Over-all, the race was amazing and one that every runner should strive to join-in. Thanks again to Judith and Team Soleus and congratulations to Race Director Edward Kho for an excellent inaugural Corregidor Marathon!

Oh by the way, i got first place at my age group category and received a Certificate of Achievement for it (if ever you can call it one!) 🙂

You can check the race results here:

Finishing at 5:51

With Alfred and Lorna, the Female Marathon Champion! (Pic by We Run For Good Health)

Team Soleus

Corregidor Marathon All Set: January 11-12, 2014

Last Saturday, i was able to pick up my race packet for next week’s Corregidor Marathon and this will be my 3rd visit to the island having ran the previous years’ Corregidor International Half-Marathon. For this year, they will be having the full marathon distance for the first time and this will be another daunting task for me having just ran the 53k Kawit to Laguna (K2L) Ultramarathon last week.

Except for a 10k recovery run i did a day after my K2L, i had taken a break completely from running although i did several cross-trainings/recovery work-outs at Fitness First Gym.

At the 100 Miles Cafe for the race packet pick up last Saturday

Running a marathon is more pressure-laden to run than a 50k ultra (at least it is for me), and there’s something particular about Corregidor which makes it really a ‘bitch’ of a run…those long uphills! I still remember the parts that i really had my heart pulsating heavily and walking those uphells was the only way to get you through!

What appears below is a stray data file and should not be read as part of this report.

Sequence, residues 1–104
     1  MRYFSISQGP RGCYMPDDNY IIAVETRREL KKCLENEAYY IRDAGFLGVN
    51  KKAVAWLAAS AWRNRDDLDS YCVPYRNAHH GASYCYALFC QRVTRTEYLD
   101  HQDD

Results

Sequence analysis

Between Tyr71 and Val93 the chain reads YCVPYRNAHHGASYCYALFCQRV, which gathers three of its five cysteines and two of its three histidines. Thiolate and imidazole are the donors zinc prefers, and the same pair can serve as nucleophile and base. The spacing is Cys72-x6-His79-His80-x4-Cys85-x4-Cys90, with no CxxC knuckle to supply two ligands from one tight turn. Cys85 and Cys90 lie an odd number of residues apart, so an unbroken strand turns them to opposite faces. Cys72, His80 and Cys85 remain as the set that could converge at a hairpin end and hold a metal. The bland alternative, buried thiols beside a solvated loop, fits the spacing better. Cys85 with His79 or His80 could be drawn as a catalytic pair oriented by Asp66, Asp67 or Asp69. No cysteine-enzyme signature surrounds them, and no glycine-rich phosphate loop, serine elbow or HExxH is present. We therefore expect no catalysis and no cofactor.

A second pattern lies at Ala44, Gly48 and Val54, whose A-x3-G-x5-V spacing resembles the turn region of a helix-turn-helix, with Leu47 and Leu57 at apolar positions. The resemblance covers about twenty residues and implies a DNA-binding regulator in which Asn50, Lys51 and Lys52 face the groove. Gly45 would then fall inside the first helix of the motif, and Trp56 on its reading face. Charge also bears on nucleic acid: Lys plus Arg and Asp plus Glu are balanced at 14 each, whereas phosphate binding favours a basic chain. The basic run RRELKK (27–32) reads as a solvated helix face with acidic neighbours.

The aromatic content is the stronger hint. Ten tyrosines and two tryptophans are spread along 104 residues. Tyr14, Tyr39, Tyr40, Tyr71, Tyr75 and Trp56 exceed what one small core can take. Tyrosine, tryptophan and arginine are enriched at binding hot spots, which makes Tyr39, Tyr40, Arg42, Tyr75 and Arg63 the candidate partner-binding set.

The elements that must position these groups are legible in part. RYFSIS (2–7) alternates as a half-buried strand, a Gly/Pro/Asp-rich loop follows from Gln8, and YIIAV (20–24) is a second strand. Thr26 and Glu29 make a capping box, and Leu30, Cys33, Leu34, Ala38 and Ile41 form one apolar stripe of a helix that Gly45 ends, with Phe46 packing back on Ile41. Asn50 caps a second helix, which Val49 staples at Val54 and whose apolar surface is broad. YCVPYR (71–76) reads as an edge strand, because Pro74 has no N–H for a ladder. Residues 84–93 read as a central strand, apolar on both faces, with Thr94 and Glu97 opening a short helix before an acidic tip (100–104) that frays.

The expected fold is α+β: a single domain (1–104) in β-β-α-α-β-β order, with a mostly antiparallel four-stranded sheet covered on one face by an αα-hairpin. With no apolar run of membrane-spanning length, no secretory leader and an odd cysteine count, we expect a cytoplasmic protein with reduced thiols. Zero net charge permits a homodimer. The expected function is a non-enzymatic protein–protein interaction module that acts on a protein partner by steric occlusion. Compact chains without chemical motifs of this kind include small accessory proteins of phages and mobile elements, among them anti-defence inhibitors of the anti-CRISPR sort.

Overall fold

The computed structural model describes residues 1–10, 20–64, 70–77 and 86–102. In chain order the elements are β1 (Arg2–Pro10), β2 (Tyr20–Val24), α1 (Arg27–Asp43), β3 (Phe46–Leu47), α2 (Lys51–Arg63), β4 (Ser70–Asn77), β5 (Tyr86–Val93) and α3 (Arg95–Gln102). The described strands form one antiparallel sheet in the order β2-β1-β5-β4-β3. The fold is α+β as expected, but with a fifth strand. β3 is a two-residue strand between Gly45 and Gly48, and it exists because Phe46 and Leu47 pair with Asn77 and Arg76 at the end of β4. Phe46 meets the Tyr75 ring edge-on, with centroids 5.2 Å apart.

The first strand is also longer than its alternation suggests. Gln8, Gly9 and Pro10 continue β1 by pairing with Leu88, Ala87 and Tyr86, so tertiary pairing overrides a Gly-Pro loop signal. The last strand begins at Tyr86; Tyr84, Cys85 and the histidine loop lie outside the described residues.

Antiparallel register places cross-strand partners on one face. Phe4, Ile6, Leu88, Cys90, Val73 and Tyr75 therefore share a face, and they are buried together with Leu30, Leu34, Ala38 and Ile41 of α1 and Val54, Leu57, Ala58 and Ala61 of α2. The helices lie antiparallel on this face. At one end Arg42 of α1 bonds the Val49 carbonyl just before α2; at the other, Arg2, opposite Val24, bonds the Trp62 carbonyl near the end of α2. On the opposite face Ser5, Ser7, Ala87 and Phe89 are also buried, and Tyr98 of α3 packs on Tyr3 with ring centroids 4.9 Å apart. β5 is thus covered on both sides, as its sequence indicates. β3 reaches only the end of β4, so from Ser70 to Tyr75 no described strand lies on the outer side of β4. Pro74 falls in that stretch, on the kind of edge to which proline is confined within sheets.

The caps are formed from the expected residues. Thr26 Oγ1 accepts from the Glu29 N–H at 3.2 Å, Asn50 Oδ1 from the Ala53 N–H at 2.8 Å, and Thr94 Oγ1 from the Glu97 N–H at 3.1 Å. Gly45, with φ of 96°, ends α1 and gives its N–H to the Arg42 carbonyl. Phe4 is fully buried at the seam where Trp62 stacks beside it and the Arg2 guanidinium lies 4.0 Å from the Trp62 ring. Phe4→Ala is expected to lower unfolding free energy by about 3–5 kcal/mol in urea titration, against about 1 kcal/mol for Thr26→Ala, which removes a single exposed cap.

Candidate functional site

Still, nothing beats running in one of the most spectacular and best-preserved historical monuments of World War II and there’s a good reason why many runners come back to take part in this yearly out-of-town running event: the SCENERY!

This World War II battleground looks like an outdoor museum that takes you to WWII ruins, tunnels, remnants of artillery and boasts ocean views along the edges of mountains.

I’ll be running and donning the eminent black-yellow tech shirt of Team Soleus together with another chance of pacing with Soleus Brand Manager, Ms. Judith Staples, provided she doesn’t leave me again in the dust during the early stages.

Hope to see you there!

Scenes during the claiming of race packets at 100 Miles Cafe (January 4):

Corregidor Marathon Race Director Edward Kho giving a short briefing about the race

Briefing time for the runners

Samples given out by one of the race sponsors

Titus Salazar–Coach turned hair dresser? 🙂

CORREGIDOR Marathon Route:

Trails with ocean views

Routes for both the the full marathon and the half

Towards Malinta Tunnel

Trail over-looking the Pacific Ocean

The killer uphill! Race was last 2010

Long uphill stretch

Part of the scenery

The finish line of the half-Marathon Race.